}
}

Simple enough.  If the user grants permissions (checkPermission()==0), we continue with the processing.  If not, we display an error message and suggest that the users tries the operation again.

So on with the example.  I won’t bore you with the process of getting the Twitter post.  If you want, you can check the source code, but it boils down to the nifty JSONP hack

Now that we’ve been granted permission to create Notifications, and finally have the Twitter data, let’s create a notification!

function TweetSuccess(req) {
     if(req.length) {
          var type = Ext.getCmp('radiogroup').getValue().value;
          var img     = req[0].user.profile_image_url;
          var name    = req[0].user.screen_name;
          var tweet    = req[0].text;
          if(type==1) {
               var tweet    = tweet.parseURL().parseUsername().parseHashtag();
               notification.createHTMLNotification("notification_helper.cfm?title="+name+"&img="+img+"&content="+tweet).show();
          }
          else {
               notification.createNotification(img,name,tweet).show();
          }
      }
      else {
           Ext.Msg.alert('Uh-oh','Sorry, that\'s not a valid Twitter username. Please try again!');
           return false;
      }
}

Most of this function is just getting the values from the returned data, so we’ll skip to the important stuff: createNotification() and createHTMLNotification().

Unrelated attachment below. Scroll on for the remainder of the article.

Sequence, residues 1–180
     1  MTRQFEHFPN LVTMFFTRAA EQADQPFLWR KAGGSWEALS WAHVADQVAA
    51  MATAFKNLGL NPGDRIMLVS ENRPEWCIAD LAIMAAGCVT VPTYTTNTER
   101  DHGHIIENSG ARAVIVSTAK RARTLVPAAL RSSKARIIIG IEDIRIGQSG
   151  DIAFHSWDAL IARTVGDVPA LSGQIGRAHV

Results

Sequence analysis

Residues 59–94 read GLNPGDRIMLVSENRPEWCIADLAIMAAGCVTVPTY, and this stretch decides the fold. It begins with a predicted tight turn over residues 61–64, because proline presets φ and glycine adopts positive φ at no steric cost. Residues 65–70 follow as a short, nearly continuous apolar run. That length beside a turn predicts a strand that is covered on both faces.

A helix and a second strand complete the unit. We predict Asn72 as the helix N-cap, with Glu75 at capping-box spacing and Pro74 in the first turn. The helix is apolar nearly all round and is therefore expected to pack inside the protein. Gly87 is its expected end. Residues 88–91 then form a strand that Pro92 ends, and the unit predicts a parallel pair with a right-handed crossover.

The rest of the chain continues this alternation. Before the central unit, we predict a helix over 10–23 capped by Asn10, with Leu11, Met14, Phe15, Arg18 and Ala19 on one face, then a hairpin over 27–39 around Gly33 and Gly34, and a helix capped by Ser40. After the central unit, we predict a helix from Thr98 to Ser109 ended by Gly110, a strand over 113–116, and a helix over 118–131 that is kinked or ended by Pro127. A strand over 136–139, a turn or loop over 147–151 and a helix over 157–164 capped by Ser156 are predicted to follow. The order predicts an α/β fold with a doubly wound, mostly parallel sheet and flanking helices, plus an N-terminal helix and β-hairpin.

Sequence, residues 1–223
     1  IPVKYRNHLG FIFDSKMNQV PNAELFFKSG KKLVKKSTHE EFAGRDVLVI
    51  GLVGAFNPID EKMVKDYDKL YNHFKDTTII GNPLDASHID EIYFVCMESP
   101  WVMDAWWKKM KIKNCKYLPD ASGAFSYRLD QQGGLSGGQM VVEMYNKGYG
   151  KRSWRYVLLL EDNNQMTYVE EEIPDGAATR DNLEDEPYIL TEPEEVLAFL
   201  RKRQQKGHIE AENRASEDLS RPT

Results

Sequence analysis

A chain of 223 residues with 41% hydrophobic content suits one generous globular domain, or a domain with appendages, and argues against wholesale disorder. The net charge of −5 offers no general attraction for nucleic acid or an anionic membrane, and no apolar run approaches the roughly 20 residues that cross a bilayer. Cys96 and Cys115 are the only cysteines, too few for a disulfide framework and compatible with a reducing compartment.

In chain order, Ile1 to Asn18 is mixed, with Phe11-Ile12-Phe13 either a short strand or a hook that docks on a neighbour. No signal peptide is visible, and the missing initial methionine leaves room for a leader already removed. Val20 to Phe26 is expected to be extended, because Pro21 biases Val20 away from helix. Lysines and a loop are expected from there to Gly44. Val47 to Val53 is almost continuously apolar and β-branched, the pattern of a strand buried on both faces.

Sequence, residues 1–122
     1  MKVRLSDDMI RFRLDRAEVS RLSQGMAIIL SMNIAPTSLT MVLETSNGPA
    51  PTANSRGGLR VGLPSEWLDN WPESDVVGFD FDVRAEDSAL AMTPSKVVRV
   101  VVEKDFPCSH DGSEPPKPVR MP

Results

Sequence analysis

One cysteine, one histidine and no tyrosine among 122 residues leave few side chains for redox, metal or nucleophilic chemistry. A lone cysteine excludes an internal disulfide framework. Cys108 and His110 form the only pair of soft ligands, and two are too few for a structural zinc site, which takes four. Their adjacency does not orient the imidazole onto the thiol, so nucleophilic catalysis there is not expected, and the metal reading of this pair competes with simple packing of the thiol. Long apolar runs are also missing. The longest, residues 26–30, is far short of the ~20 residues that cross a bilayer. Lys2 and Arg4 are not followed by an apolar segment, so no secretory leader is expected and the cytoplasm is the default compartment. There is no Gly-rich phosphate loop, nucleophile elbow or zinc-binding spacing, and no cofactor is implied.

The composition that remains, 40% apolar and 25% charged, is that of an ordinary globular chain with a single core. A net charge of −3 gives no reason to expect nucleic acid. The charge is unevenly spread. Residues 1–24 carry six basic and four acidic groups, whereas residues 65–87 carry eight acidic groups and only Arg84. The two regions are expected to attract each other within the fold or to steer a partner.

Why two methods?  Well, each provides a little bit different way of displaying notifications, of course! :)

createNotification() creates a standard, vanilla notification that inherits whatever styles the browser has defined for its notifications.  This method takes three arguments:

  1. iconUrl – This is the path (absolute) of the icon that you would like displayed in the notification
  2. title – Um, the title of the notification :)
  3. body –  The main content to be displayed in the notification.

While this works pretty nicely, I wasn’t thrilled with the look of the notification.  And although I didn’t pursue it very far, I couldn’t get links or any other styling to show up in the notification.

createHTMLNotifications() picks up where createNotification() falls short in the customization department.  Whereas you pass icons, titles, and body content to createNotification(), you simply pass a url to a page that defines your notification content for createHTMLNotifications().  While this creates a bit more work for arranging icons, titles, and body content, it does allow you to be a bit more creative in how the notifications look.  Plus, since it’s an HTML notification, you can use some nifty CSS3, and who doesn’t love that!

Wrapping Up

There’s a bunch more to Notifications that I didn’t cover (like closing them programmatically, etc.), but hopefully this is a nice introduction to the concepts behind what will hopefully be embraced by all browsers in the very near future.  I see a lot of promise to these, and can’t wait until all the environments are more unified to start utilizing them to their full potential.

As always, be sure to check out the demo (remember, Chrome only :)) and let me know what you think.